My first week with the Palm Pre

I’ve had a long history with smartphones dating back to 1997 when I worked on the Qualcomm pDQ, the first Palm OS based smartphone. Later down the line, I used a Samsung i330, Palm Tungsten W, Treo 180, VisorPhone, Treo 300, BlackBerry Pearl, BlackBerry 8300 (something like that), BlackBerry 8830, Treo 755p, Treo 700W, iPhone, iPhone 3G, and now a Palm Pre. For me, the Treo 180 was a huge step forward in phones despite the black and white screen and cheap construction. When I started using an iPhone almost 2 years ago, I was blown away with how well it worked, but couldn’t make it my main phone that I carried with me all the time. It simply was too big to fit in my pocket and was on a network with mediocre voice and data service. My opinion of the iPhone hasn’t changed much since then; it runs an amazing operating system and can do amazing things, but it isn’t the phone for me. In addition to the network issues, I wasn’t a big fan of the on-screen keyboard.

Last week I got a Palm Pre and within hours, I was a convert and was ready to ditch the iPhone. So what made me so enamored with the Pre? A number of things including better voice quality, lightning fast data network, physical keyboard, small size, very easy to use multitasking (more on this later), and the integration of the multiple email, messaging, calendars, and contacts.

When the iPhone SDK came out and said it didn’t support background tasks, I said, who cares about background tasks? The Pre’s implementation of multitasking is simply amazing; being able to see everything running via cards is a great way to handle multitasking (messaging, calendar, and email still runs, however). In addition, last year I said that navigation on a phone was just awful; Sprint Navigation on the Pre has changed my mind (at least made me re-consider it). I used navigation today and the spoken voice was clear, had great pronunciation, routed quickly, and got me there on the first try. OK, I didn’t make a mistake, so I didn’t test how quickly it re-routed.

So having used the Pre for about a week, here’s my summary.


  • Compact size fits in my front pocket.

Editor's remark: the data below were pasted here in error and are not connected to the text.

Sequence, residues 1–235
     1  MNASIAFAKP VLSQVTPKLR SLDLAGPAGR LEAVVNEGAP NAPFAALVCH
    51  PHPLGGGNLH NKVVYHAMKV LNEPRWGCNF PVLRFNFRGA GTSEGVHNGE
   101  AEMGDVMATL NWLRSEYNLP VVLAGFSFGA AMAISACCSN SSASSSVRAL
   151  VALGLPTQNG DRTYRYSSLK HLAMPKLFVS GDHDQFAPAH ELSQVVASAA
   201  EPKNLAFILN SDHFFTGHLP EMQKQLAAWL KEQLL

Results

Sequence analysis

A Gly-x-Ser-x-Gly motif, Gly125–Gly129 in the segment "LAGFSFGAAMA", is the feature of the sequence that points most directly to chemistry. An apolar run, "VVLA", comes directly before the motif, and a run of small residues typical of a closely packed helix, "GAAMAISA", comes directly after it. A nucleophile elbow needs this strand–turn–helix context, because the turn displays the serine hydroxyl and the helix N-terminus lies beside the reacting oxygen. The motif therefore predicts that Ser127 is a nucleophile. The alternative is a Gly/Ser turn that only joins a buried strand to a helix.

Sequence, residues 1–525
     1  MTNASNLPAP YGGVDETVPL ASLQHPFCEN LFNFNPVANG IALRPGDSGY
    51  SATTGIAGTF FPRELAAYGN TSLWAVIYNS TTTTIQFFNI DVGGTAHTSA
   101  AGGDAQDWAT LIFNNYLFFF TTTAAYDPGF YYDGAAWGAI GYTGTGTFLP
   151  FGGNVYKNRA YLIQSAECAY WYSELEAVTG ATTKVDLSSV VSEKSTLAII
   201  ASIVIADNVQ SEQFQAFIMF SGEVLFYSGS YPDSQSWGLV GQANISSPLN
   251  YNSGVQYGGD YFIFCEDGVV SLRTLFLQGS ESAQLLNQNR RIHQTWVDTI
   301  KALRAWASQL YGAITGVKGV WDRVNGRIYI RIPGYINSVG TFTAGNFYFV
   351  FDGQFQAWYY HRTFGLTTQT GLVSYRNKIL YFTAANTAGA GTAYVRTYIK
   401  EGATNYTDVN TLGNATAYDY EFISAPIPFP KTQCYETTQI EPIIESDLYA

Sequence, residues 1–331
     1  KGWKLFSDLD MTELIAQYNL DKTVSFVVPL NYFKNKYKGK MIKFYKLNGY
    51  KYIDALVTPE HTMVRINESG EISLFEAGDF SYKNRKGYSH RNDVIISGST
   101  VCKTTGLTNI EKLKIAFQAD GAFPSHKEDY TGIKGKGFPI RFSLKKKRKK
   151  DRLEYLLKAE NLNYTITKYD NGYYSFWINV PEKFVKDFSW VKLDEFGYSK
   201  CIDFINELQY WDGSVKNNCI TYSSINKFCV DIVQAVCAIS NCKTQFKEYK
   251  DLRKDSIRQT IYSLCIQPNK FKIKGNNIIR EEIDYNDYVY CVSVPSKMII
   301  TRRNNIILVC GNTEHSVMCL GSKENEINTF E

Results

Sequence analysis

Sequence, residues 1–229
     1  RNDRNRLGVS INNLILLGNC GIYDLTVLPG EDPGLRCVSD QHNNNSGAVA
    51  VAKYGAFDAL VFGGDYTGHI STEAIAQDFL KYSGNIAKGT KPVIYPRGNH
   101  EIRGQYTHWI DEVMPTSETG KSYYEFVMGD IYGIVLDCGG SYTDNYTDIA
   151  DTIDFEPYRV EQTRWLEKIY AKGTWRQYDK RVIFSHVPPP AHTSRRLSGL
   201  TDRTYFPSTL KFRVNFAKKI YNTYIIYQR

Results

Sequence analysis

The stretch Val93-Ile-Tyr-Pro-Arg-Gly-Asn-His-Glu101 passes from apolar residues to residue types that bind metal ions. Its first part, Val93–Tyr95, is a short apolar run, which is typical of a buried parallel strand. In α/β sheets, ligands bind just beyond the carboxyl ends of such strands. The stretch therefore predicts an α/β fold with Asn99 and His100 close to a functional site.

• Excellent voice quality.
  • Fast data network.
  • Multitasking with cards is easy to use and clear. (I listened to Pandora at the same time I had Sprint Navigation running on a drive today; something I couldn’t do on an iPhone.)
  • Physical keyboard is ease to use.
  • Connects to iTunes to sync music.
  • No desktop sync for calendars/contacts needed. (Direct Google and Exchange syncing.)
  • Multiple Exchange account support (iPhone does 1 Exchange account).


  • No voice control.
  • Battery life could be improved.
  • Device is a little sluggish at times.
  • Some bugs with the software such as turning off GPS required a restart to get it going again and it is only syncing 1 calendar off our Zimbra server.
  • Charging connector is a little tough to use (I need to get a Touchstone charger).
  • No VPN support.
  • No generic jabber client support (the messaging client is based on libpurple and supports jabber as Google Talk is jabber, but you can’t use a generic jabber account).

Is this the perfect phone? Of course not, there is no such thing as a perfect phone. Right now I’m down from 3 phones to 2 (I had my personal Motorola RAZR, a Sanyo Pro 700, and an iPhone; now I’ve the Pre and my RAZR). I know that there aren’t a lot of applications for the Pre, but I’m sure they’ll be coming along. The iPhone and Pre will be head to head for awhile. Everyone has a different opinion on phones; for now, I think that the Pre will be a good phone for me. What will next year bring? I have no idea.

2 Replies to “My first week with the Palm Pre”

  1. Scott,

    I saw the Pre for the first time yesterday. It certainly is not your father’s Palm. When you say batter life could be improved, is it bad as the iPhone? The VPN and Jabber support are deal killers for me. Though I don’t have VPN on my Blackberry, I really could use it and jabber I have via BeeJive, so that is am must. Both “killers” I guess could easily be addressed with software.
    Did you find the build quality of the phone to be acceptable? I found it a little plasticy for my taste, but that may just be my iPhone/8830 comparision.

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